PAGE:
Sunday, May 4, 2008

Julie Glassman: Extraordinary Enamels!

Julie Glassman In Her Studio

A Higher Ground

Love Is Not Constant

Hot In The City

Spring Tree

I love to take a stroll through metalcyberspace from time to time to see what the best-of-the best are doing in jewelry design. This is a magnificent website for seeing some of the most interesting work in the world. And, it's where I stumbled upon Julie Glassman's work. I opened her website, Julie Glassman Fine Art Jewelry and was stopped in my tracks. WOW! The color, humor and uniqueness of her work is something special indeed. One of her specialties is her series of Byzantine enameled landscapes. Here's what Julie had to say:
My landscapes are actually my interpretations of places I have been. It is how my minds eye sees these places and I have a yearning to infuse that onto glass and canvas. The Hopi people that live on the mesas in Arizona don't allow people to take pictures of their sacred place so a lot of their art has paintings or drawings of where they live. I like to think of my landscape series as a memoir rather then taking a photo. My inspiration comes from nature, hiking and life experiences. It is actually like a sixth sense. I wish I could say that my visions and ideas had a down time but I have always been just the opposite. I have too many visions and ideas but not enough time!

With Byzantine enameling an enamel jewel is created by painting and firing various layers into a fine silver or gold cup with many wires. It is then sanded down, high fired and set into a piece of jewelry. Most enamel is just a one time surface firing.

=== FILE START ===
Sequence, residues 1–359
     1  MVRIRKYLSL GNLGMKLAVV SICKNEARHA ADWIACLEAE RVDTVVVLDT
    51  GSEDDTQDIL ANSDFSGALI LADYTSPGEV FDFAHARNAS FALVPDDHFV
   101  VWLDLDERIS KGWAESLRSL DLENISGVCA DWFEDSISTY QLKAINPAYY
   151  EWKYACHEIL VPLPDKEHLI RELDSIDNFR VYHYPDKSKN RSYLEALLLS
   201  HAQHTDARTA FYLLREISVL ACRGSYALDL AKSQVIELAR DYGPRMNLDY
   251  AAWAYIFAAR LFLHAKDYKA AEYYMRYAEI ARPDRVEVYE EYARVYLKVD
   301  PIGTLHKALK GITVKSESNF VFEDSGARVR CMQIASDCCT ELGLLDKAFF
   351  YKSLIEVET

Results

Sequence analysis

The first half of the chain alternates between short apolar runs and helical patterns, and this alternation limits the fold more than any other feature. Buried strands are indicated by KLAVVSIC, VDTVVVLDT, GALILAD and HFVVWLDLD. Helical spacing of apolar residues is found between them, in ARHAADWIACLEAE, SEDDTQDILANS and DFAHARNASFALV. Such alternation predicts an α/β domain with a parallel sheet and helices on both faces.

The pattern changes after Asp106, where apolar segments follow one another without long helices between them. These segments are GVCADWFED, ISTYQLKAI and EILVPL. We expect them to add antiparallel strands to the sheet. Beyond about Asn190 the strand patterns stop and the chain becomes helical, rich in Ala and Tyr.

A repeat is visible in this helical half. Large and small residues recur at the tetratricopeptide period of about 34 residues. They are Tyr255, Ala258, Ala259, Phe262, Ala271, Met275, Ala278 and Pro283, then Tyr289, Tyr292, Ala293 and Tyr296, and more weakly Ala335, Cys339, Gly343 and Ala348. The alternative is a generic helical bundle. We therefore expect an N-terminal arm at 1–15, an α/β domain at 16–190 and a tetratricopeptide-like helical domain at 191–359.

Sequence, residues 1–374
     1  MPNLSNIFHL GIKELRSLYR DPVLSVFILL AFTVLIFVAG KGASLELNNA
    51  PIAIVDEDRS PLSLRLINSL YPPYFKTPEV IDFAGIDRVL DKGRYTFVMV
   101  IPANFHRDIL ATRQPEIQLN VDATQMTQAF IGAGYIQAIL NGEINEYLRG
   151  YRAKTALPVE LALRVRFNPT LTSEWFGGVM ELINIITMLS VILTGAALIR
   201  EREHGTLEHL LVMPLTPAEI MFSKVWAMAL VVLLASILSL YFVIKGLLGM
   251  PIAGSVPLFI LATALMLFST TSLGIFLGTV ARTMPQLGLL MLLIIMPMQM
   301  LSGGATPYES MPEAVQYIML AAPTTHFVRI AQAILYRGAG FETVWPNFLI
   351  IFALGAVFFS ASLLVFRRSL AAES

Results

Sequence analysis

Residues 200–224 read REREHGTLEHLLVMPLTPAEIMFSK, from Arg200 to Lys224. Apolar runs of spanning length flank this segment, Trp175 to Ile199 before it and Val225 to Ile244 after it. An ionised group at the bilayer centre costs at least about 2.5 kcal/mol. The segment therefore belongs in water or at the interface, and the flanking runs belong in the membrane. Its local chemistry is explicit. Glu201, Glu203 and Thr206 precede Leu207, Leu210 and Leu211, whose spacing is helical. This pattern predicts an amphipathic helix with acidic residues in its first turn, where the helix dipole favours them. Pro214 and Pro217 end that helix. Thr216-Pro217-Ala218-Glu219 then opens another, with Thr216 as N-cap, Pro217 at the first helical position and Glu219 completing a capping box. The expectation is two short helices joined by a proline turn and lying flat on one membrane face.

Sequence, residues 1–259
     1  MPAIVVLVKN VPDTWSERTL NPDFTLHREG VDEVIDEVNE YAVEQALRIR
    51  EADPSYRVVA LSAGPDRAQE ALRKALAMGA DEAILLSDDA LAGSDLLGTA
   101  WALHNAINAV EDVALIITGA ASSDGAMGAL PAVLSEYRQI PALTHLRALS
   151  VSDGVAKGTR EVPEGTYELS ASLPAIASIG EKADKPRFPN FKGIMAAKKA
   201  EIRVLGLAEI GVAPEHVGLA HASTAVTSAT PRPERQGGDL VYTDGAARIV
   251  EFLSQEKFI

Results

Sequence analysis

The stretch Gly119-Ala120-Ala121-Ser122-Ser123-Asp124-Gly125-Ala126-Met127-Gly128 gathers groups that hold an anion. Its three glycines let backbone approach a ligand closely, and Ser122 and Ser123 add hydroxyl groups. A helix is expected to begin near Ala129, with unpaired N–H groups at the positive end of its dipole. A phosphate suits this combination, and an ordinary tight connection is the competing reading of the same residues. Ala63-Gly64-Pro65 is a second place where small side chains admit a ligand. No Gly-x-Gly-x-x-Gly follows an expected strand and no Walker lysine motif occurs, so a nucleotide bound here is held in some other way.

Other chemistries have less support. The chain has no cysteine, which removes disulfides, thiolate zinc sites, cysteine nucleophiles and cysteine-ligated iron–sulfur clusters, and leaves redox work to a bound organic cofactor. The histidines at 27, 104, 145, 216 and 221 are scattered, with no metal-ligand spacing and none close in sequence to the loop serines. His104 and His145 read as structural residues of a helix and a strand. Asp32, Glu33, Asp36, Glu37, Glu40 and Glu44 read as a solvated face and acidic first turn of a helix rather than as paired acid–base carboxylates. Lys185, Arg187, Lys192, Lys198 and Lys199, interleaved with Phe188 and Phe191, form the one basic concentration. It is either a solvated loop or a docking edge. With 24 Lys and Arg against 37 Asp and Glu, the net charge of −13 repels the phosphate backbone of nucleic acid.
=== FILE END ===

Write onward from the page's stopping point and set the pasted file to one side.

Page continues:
Many of your pieces seem to have a spiritual quality including your "evil eye" series and talisman pieces. Why have you gone in this direction?

I have always been fascinated with symbols and the meanings behind them. To many people, symbols bring strength or empowerment. There is something very wonderful about symbolic jewelry. It brings the person a sense of connection.

You mention in your website that you started making jewelry as a child. It's rare that a person takes a path in life that was of interest as a child....tell us what was so instantly gratifying to you about making jewelry and how it sustains you now?

When I handled a blowtorch at fourteen, I knew this was the way for me to extract all the images and visions I had as a child. That is also the main reason for enamel. Metal wasn't enough of a way for me to get my creativity out. Jewelry and art sustain me in spiritual way. When I create a series of enamels it is my way of working through something emotional or sharing with others.

With metals I had lots of training in high school and college. With enamel I am self taught. I feel it allows for one to develop a style and somewhat of a technique that is their own. There is a lot of trial and error but nothing good comes easy.

What advise do you have for fledgling jewelry designers?

I would advise that patience is key. I would also say that sometimes we need to take a few steps back in order to move forward.

Julie's work can be found at art shows around the southwest and on her website which she tells me is constantly updated. It was such a pleasure "meeting" Julie and seeing these extraordinary enamels!

Thanks for stopping by!

No comments: